traffic situations or keeping distance with other cars. If they experienced some changes it was
more in favour of driving with ISA.
- 1 out of 2 test-drivers declared that they overtook less while driving with ISA.
- 1 out of 2 drivers found it easier to keep a constant speed with ISA.
- The ISA-system assisted them well to maintain the right speed. Certainly for upholding the
30 km/h limit of which they noted that it was not an easy speed to drive at without assistance.
The drivers’ Acceptance of ISA
The acceptance of ISA was measured by three methods :
1) The method used to measure the acceptance was the procedure of Van Der Laan, Heino
and De Waard . Acceptance is measured by direct attitudes towards a system and provides
research with a system evaluation in two dimensions. The technique consists of nine rating-
scale items. These items are mapped on two scales, a scale denoting the usefulness of the
system, and a scale designating satisfaction.
Figure 8 - Acceptance of the active accelerator pedal
All drivers (total) accepted the active accelerator pedal. After the trial they experienced the
pedal as being even more satisfying. The most pleased with the active accelerator pedal were
the private drivers. During the project they found it more useful but less satisfying than after
-0,2 0 0,2 0,4 0,6 0,8 1 1,2 1,4 1,6
All drivers during
All drivers after
the project. The most remarkable change is seen by the non-private drivers: while during the
project they experienced it was not satisfying, although useful, they declared it was more
satisfying and useful after the trial.
2) The drivers were also asked if they used the A.A.P. manually (voluntary) outside the test-
areas, and on which roads. Mostly it was used on highways (56% during, 60% after) and
outside urban areas (56% during, 50% after), less in urban areas (46% during, 41% after) or
30 roads (33% during and after) outside the test area. This voluntary use indicates a first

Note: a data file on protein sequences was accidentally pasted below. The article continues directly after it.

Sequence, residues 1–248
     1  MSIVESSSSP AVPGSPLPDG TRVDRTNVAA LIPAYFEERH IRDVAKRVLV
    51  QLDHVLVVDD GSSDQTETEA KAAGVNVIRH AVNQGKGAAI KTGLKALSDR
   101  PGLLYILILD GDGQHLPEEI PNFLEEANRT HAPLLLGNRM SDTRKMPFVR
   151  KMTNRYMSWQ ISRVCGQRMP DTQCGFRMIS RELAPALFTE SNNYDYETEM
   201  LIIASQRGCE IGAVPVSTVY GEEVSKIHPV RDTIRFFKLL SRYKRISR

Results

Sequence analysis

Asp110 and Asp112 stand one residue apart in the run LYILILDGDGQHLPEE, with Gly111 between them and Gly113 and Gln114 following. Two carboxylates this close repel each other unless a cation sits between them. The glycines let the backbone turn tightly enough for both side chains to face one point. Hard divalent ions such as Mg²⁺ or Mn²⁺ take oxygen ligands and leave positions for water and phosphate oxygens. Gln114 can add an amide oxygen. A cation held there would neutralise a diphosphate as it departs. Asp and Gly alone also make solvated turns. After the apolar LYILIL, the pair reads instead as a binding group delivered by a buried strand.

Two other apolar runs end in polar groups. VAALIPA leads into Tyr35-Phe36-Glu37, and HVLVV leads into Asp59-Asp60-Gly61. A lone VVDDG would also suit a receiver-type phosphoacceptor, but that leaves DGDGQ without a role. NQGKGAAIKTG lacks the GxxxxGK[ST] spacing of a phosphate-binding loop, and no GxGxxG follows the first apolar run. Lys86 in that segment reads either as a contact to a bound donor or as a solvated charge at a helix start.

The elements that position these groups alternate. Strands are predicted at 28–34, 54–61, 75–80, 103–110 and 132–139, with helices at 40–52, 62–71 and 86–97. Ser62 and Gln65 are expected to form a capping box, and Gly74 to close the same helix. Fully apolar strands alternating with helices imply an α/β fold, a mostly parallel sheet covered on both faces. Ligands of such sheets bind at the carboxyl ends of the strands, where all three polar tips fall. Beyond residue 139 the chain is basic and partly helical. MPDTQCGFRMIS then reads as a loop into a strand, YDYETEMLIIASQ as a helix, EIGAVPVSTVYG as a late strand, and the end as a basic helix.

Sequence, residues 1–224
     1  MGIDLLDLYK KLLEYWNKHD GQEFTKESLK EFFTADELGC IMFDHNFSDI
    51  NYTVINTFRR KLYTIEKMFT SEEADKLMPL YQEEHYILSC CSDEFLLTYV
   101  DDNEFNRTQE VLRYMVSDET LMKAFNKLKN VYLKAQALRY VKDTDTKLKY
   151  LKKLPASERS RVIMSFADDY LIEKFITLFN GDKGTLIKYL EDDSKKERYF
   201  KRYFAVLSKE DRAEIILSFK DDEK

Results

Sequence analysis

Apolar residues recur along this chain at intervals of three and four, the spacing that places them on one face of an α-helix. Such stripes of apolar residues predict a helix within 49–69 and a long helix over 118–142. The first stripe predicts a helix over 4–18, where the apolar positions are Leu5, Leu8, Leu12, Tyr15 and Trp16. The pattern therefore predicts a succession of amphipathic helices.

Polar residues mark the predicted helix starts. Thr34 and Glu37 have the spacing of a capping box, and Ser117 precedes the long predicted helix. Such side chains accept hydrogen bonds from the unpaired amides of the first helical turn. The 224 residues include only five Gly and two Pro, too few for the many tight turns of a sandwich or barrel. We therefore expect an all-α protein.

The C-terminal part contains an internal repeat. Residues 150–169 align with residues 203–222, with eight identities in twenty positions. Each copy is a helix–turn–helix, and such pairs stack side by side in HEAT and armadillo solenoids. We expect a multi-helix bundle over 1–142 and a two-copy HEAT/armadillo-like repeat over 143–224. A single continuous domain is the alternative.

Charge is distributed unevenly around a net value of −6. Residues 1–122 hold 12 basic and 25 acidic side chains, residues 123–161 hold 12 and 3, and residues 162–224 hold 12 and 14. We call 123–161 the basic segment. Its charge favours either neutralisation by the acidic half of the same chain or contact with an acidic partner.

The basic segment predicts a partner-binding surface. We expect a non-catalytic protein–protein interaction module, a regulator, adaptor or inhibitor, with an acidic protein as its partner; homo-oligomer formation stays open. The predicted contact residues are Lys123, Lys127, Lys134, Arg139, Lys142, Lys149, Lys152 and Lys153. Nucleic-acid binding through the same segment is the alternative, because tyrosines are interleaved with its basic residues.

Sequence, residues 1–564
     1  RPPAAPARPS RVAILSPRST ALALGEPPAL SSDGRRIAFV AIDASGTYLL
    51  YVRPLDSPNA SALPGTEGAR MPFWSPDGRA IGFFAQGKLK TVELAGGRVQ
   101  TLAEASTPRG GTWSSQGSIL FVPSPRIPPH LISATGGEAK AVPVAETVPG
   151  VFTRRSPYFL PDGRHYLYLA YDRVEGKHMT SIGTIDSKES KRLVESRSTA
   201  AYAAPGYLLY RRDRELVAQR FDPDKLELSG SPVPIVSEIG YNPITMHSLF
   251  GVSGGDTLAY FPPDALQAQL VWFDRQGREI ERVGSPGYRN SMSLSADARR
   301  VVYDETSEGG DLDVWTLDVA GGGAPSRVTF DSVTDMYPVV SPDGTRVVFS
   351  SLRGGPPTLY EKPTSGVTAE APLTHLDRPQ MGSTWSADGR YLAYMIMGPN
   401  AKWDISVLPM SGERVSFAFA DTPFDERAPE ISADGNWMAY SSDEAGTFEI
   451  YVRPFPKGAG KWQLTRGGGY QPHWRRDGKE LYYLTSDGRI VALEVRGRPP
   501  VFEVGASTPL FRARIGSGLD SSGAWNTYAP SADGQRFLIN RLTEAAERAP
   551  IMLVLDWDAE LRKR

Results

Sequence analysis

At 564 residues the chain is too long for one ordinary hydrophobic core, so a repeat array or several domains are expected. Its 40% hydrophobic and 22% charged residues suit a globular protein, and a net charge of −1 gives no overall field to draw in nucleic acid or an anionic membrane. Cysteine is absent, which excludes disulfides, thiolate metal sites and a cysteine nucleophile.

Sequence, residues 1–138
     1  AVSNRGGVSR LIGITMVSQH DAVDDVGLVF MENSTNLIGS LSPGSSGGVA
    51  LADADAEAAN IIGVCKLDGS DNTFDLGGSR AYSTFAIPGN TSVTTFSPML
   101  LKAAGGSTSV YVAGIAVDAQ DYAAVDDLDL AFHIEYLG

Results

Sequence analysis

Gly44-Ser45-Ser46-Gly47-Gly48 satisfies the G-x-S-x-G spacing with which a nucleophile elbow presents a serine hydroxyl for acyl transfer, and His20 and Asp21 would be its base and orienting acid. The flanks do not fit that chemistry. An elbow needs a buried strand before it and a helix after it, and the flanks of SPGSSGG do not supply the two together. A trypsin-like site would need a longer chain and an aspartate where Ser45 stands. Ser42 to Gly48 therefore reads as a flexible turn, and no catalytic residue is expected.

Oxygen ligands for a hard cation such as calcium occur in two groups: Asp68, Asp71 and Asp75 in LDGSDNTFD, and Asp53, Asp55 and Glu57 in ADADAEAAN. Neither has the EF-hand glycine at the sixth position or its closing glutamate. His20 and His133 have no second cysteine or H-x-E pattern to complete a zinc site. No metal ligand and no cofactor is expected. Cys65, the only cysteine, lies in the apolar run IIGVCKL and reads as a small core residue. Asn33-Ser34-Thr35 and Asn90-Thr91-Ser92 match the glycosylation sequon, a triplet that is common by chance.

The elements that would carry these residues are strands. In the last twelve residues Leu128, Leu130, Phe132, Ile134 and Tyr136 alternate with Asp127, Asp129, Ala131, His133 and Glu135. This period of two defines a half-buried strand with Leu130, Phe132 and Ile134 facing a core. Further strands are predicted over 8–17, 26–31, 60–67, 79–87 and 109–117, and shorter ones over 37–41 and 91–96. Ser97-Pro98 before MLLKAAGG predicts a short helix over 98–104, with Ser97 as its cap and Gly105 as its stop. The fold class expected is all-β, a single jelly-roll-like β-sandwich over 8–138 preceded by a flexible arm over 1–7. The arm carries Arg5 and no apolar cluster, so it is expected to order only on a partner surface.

3) At the end of the trial, the private test-drivers could choose to keep the ISA-system in their
car. 15 private car holders chose to keep the system in the vehicle after the test-period which
is a significant indication that there is an acceptance of the active accelerator pedal. The main
reasons given for keeping the system was that it was assisting, comfortable and relaxed
Comparison of logged speed data during the activation period and speed data after this period
shows ISA had an effect on speeding. Effects were highest in the 90 km/h zone where
speeding decreases by almost 10%. At lower speed limits effects were smaller all though
speeding was more frequent. In the 30 km/h zone distance speeding decreased from 45.9% to
42.8%, which means that the counter pressure was overridden in a vast amount of distance.
Comparing effects on a monthly basis shows a higher amount of speeding at the end of the
activation period than at the beginning. Especially in low speed zones speeding increased
during the first months.
Differences between drivers were however large. Speeding without the system varied between
6% and 61%. Distance speeding with the system varied between 3% and 50%. For most
drivers speeding reduced with the system. Average speed of less frequent speeders tended to
increase as drivers accelerated faster to the speed limit and drove exactly at the speed limit in
stead of safely below. Average speed of more frequent speeders tended to decrease.
About the basic attitudes in the results of the questionnaire, most of the drivers did not think
that driving fast is fun, liberating or exciting, before, during or after the project. Most drivers
declared that speeding is dangerous, reckless and not sportive. Driving with ISA changed their
behaviour on speeding: during the project, most of the drivers declared that they never drove
faster on highways, outside urban areas, in urban areas and 30-zones. The drivers used the
system voluntary on highways and outside urban areas, which gave a first indication of their
acceptance of the active accelerator pedal. They also experienced the pedal as satisfying and
useful. After the trial, the private test-drivers could choose to keep the ISA-system in their
car. 15 private car holders chose to keep the system in the vehicle after the test-period which
was a significant indication that there is an acceptance of the active accelerator pedal. The
drivers noticed that the system assisted them well in upholding the speed limits and provided
for comfortable and relaxed driving, although certain technical issues could be better.